EDITOR'S COMMENTARY

Schools Out For the Summer

For students, faculty and staff, summer break is a relaxing time of year. For those in the campus security industry, it is the perfect time to add upgrades to existing systems, retrofit for more enhanced safety and build upon the policies that have already been created.

This issue is filled with topics that campus security professionals and integrators should be touching up on in time for the summer break. With campuses empty and free of distraction, it is easy to implement changes on security measures such as VMS and access control as well as talk to those on your campus about more advanced technologies such as artificial intelligence and geofencing.

David Corbin directly addresses how to maximize your summer window in his article, “Retrofitting from the Curb to the Core” on page 40. Corbin discusses an effective timeline schools should adhere to and suggests that all security assessments be done prior to summer break so that security professionals can get to work tackling new installations as soon as the hallways empty out. Corbin reminds readers to think outside the confines of the campus, to make sure any security assessments that were made include the parking lots and playground areas.

Also included in this issue is some food for thought on geofencing, which Todd Pazincni argues is not just for marketers on page 20. Pazincni says that geofencing is usually known as a way for marketers to ping those in the area with location-relevant information. Geofences, however, could be of great use to campus security professionals and their emergency communication. Pazincni says that implementing geofences could help to inform security staff of an incident quickly, with the added advantage of being able to report exactly where the incident is.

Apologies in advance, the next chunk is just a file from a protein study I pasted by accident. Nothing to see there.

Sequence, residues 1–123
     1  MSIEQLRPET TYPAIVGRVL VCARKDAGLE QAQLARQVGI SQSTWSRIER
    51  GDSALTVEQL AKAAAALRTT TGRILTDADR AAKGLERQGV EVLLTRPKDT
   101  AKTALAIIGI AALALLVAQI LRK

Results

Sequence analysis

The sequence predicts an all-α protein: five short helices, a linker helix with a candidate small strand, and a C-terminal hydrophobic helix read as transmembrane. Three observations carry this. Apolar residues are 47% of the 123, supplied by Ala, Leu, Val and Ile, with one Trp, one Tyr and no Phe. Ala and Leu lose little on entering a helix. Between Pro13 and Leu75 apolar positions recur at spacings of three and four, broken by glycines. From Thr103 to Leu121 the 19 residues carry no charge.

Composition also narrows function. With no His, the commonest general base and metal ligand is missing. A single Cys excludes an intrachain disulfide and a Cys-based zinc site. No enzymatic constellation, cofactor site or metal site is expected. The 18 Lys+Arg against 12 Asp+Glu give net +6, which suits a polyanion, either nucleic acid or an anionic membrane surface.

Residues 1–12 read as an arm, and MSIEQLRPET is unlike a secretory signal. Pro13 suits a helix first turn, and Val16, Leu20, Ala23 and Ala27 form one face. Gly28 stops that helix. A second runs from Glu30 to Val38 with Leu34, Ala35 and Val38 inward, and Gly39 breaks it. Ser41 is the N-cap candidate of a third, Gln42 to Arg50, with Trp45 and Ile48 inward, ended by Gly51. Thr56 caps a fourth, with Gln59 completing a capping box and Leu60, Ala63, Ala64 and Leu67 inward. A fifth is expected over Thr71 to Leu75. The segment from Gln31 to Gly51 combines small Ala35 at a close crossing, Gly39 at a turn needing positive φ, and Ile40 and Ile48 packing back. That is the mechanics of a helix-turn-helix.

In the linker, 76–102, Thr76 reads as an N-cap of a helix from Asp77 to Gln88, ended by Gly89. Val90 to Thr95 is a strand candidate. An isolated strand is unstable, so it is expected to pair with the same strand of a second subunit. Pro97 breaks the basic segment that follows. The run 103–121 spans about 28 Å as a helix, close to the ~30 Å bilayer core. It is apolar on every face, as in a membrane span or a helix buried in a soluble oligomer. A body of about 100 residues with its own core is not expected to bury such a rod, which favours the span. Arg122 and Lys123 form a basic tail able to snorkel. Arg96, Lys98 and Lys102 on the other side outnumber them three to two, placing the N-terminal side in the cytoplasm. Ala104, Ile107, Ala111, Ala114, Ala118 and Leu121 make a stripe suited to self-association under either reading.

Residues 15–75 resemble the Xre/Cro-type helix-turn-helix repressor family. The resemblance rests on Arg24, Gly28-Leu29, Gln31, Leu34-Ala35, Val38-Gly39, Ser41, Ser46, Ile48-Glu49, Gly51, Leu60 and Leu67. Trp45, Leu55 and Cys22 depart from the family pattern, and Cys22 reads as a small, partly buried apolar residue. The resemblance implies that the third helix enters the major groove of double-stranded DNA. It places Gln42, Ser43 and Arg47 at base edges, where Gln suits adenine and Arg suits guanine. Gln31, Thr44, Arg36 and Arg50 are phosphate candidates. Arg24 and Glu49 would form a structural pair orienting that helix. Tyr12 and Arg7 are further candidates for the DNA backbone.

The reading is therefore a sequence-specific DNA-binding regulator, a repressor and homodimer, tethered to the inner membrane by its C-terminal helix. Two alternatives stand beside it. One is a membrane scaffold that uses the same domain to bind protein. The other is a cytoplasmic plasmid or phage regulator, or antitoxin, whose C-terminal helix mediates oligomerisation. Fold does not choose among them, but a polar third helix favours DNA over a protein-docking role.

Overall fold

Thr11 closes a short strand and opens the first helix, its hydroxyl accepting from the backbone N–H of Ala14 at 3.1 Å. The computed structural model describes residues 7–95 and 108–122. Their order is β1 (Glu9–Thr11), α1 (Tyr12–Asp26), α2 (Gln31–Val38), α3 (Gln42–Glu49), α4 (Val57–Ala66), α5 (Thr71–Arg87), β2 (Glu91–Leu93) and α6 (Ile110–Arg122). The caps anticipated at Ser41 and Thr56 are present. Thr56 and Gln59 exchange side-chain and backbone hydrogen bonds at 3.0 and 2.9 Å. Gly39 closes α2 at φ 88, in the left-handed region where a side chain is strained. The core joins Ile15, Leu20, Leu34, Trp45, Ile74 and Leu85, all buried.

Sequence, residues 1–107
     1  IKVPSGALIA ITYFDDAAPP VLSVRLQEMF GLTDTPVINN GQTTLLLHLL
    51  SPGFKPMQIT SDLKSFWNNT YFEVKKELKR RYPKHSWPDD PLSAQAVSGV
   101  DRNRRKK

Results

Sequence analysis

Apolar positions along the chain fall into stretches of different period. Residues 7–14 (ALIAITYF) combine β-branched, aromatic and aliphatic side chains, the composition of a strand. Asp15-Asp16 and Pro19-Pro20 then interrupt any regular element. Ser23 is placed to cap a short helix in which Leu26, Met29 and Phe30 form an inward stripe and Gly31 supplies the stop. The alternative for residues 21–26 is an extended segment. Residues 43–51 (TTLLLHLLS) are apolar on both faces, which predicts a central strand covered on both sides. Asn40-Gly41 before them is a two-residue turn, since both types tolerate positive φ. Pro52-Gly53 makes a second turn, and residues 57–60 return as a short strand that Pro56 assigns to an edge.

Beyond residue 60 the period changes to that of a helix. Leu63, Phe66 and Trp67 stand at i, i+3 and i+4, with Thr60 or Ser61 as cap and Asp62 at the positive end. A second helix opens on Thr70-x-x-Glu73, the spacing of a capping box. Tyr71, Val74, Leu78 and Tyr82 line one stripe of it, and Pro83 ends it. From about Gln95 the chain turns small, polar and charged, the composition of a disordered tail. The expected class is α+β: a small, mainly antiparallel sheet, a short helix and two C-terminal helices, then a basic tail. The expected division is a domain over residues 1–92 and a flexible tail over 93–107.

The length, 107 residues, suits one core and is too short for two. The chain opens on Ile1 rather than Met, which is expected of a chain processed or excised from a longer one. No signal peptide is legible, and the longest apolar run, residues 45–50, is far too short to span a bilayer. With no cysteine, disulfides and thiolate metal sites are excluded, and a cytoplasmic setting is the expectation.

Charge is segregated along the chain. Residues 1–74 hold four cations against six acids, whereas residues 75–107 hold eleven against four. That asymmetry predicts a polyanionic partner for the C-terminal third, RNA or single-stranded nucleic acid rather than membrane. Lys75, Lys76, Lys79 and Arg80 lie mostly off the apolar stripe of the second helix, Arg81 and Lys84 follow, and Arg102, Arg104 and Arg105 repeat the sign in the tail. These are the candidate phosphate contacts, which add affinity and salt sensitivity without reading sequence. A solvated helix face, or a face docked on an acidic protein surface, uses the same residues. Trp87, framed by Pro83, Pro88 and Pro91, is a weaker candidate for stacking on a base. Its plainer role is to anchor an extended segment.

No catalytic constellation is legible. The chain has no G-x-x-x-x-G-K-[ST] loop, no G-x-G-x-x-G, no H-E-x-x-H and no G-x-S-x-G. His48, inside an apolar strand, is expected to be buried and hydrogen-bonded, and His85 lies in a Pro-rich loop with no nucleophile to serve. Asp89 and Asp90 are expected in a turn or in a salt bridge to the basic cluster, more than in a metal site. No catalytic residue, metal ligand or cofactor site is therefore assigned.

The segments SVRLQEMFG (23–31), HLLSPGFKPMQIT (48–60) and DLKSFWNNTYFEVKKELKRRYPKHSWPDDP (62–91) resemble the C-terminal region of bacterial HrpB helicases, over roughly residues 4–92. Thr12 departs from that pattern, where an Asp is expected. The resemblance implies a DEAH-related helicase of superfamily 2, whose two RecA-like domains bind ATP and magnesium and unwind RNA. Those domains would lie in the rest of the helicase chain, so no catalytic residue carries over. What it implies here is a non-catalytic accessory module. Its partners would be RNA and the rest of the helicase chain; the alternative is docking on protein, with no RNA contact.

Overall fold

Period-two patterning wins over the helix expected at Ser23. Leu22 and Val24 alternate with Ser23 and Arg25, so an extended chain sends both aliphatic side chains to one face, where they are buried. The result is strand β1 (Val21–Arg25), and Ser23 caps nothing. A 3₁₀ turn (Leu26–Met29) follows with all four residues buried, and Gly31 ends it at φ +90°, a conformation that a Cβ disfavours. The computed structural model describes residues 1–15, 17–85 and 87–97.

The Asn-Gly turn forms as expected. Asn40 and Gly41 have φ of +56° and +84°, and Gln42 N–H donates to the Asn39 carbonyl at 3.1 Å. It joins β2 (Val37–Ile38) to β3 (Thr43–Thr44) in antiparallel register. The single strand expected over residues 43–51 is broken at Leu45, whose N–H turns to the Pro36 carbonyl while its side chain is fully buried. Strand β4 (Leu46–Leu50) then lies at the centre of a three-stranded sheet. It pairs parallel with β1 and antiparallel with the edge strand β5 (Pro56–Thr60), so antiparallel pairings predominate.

Speaking of more advanced technology, we have an article from Brett Whitney and Steven Dwek on “Securing Campuses with Innovative Technology.” The team from Carbyne does an excellent job at explaining how to up campus security through technology like artificial intelligence without having to sacrifice the privacy of your students, faculty and staff. “As campuses ramp up measures to safeguard the security of students, they must also take measures to protect the data privacy of those they see to protect,” Whitney and Dwek said in the article found on page 38.

One of the policies campus security professionals might be looking at this summer is their fire safety protocols and how these tie into their security solutions. In her article, “Integrating Fire Safety and Security Solutions in the Campus Environments,” April Musser discusses how the failure to develop a plan to integrated these two vitally important systems opens the door for intolerable risks. I recommend taking a look at this article for tips on navigating the line between fire safety and security to create a safer learning environment.

While you might not be hitting the beach any time soon, you can still put your feet up on your desk and get lost in some important reading that dives into access control, security staffing and video management systems.

This article originally appeared in the May/June 2019 issue of Campus Security & Life Safety.

About the Author

Sydny Shepard is the Executive Editor of Campus Security & Life Safety.

Digital Edition

  • Campus Security & Life Safety Magazine - September October 2019

    September/October 2019

    Featuring:

    • Security Technology is a Top Priority
    • HERO Unit Provides School Security
    • Confront Active Shooters
    • Run, Hide, and Let Law Enforcement Fight

    View This Issue